Two-Year Fiscal Blueprint
9:17 am
Tue March 11, 2014

VA Lawmakers React to President's Budget

The president’s newly unveiled budget is rekindling a debate at the U-S Capitol over the role of the government in people’s lives.

Matt Laslo checked in with Virginia lawmakers and has this report about how it would impact the commonwealth…

Republicans in Congress fought tooth and nail in one of the last spending battles to get deep spending cuts to most every federal program, save the military. The president's budget flips that equation basically on its head. He's calling for shrinking the number of U-S combat troops while increasing funding for his domestic priorities, including everything from education to his signature healthcare law, which is being praised by Northern Virginia Democratic Congressman Gerry Connolly.

“I think this is a forward looking budget I think it lays out a blueprint for strategic investments in education, research and development and infrastructure that are essential to the United States staying competitive a generation for now," said Connolly, adding that the Republican alternative would set the nation back."Actually constitutes a profound dis-investment in America. They would cut investments by $5 trillion over the next ten years. That is a surefire recipe to guaranteeing that the United States loses the competitive race to China."

Republicans see it differently. They continue to fight for deeper spending cuts. Virginia Republican Congressman Morgan Griffith says instead of really trying to tackle the nation’s more than $17- trillion debt the president’s budget is merely red meat for his liberal base.  "I think instead of trying to get something done it's just a political statement, And what he's doing is, his budget is a political statement rather than serious governing," he said.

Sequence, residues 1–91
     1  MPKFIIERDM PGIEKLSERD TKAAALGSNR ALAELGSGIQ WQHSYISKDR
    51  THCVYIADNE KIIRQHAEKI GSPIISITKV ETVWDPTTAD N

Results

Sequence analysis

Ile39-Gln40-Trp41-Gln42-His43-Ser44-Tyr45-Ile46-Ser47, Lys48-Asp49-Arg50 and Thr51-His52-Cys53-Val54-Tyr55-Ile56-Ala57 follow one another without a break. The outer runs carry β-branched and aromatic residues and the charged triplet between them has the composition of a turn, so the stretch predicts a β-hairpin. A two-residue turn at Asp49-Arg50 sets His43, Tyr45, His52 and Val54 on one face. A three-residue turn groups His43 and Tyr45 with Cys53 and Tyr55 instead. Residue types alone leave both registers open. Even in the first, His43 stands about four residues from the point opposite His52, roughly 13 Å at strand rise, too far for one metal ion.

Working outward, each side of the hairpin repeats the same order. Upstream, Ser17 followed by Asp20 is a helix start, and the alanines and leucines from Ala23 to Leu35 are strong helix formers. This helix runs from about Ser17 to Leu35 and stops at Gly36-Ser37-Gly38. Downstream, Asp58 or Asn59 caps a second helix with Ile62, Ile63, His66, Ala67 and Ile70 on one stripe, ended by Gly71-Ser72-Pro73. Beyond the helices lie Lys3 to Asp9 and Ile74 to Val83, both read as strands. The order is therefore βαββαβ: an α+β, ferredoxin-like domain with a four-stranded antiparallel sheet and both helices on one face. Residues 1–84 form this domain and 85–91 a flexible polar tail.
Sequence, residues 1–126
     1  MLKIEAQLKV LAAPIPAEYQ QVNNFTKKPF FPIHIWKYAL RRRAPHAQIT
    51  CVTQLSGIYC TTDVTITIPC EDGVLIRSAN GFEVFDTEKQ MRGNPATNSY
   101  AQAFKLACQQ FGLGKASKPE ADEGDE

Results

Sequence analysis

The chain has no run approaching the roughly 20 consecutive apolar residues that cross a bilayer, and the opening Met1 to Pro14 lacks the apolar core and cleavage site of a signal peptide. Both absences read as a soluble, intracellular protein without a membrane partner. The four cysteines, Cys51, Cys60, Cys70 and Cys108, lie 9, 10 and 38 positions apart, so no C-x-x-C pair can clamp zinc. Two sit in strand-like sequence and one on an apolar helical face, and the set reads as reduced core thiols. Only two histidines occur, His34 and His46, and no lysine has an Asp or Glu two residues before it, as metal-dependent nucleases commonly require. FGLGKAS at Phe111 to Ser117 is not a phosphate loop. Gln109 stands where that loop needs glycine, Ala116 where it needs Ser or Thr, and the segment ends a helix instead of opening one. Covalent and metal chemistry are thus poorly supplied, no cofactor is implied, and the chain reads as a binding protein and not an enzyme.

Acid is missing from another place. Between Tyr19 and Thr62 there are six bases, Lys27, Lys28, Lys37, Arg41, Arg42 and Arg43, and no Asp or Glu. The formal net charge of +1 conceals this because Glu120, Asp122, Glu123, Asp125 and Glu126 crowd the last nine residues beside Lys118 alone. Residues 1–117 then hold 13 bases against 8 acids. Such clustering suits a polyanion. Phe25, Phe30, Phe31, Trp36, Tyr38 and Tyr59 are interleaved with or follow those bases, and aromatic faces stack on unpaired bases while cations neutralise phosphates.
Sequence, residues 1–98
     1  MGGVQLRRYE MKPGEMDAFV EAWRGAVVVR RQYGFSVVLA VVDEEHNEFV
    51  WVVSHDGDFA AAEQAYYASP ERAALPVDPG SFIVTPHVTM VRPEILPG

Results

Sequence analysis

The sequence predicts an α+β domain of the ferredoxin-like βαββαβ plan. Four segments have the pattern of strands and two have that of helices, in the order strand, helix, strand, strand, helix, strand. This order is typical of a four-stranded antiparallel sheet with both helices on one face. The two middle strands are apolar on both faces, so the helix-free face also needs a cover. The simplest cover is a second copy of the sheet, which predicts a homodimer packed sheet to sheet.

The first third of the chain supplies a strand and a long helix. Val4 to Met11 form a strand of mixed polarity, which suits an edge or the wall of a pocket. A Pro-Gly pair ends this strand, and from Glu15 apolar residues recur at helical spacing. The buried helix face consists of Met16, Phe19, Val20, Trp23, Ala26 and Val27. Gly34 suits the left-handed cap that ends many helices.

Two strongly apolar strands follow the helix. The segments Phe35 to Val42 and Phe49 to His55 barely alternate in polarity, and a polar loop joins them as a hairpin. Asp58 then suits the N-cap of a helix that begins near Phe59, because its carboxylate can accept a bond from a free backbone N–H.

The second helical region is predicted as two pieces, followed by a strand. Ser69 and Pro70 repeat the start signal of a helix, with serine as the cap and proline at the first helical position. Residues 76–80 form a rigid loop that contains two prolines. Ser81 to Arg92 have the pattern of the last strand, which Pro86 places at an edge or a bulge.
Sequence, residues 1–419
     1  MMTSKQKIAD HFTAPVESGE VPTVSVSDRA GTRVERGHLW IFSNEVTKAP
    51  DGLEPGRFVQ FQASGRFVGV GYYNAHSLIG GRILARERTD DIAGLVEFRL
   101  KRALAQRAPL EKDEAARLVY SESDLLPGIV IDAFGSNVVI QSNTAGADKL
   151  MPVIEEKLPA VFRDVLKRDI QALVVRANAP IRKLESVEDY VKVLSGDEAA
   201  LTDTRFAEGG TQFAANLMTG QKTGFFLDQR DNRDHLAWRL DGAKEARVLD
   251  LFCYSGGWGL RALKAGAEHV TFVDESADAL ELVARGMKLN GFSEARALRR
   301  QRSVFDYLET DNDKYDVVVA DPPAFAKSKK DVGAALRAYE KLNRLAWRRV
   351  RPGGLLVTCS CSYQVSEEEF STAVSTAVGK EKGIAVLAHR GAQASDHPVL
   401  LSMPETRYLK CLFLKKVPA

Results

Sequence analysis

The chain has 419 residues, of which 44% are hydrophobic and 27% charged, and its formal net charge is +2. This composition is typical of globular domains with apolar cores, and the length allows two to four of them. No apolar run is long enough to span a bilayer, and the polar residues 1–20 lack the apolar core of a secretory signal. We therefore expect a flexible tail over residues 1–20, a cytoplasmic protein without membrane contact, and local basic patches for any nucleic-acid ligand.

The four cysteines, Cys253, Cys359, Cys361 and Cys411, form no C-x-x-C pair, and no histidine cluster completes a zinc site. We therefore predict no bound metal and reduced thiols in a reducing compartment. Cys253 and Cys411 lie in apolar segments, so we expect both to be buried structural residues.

The president did move away from an offer he made last year to change how social security payments are calculated, which would result in less money for seniors. Connolly says it makes sense because the GOP never gave a counter offer. "I don't believe you should give away a negotiating item for nothing. The president made a grand gesture last year in the hope that he could reengage Speaker Boehner in a grander bargain. And he did it at some expense to himself with his own party and his own base to his credit. The Republicans, led by Speaker Boehner, spurned that offer and disdained it, as they have every offer with this president."

The president is also asking for more money for the Environmental Protection Agency.  Griffith says from his perch representing the commonwealth’s coal fields in the south west, it seems as if the White House is too focused on increasing regulations that are squeezing the local economy.   “The EPA has some valuable things that it does. But maybe they need to be doing those things instead of writing new regulations instead of enforcing the old regulations and making sure that our water supply is fine.”

And Griffith says it isn’t as if he wants to disband the EPA as other Republicans have called for.  "This is one of those dilemmas. People think because we're against EPA regulations, we're against the EPA, you know, cleaning up air and water. That's just not true. But it would be nice instead of trying to put, you know, the people of southwest Virginia out of work, they would actually work themselves to make sure that they're living up to their primary commitment, which is to make sure that your basic drinking water is okay."  

Congress and the White House have already agreed to a budget blueprint for the next two years. But Virginia Democratic Congressman Bobby Scott says just like in Richmond, federal lawmakers can still change that document. "You don't need a budget this year, but even if you, in Virginia, in the Virginia legislature we have a two year budget, but in the mid-cycle, you always have adjustments. So this is an opportunity for adjustments and one of his adjustments is $50 billion in a jobs plan. We've had slow, steady job growth, but it's not enough. We need more."

Each year Congress receives the White House budget and then lawmakers lay out their own budget priorities. As far as Republicans who control the House are concerned this year's budget is dead on arrival.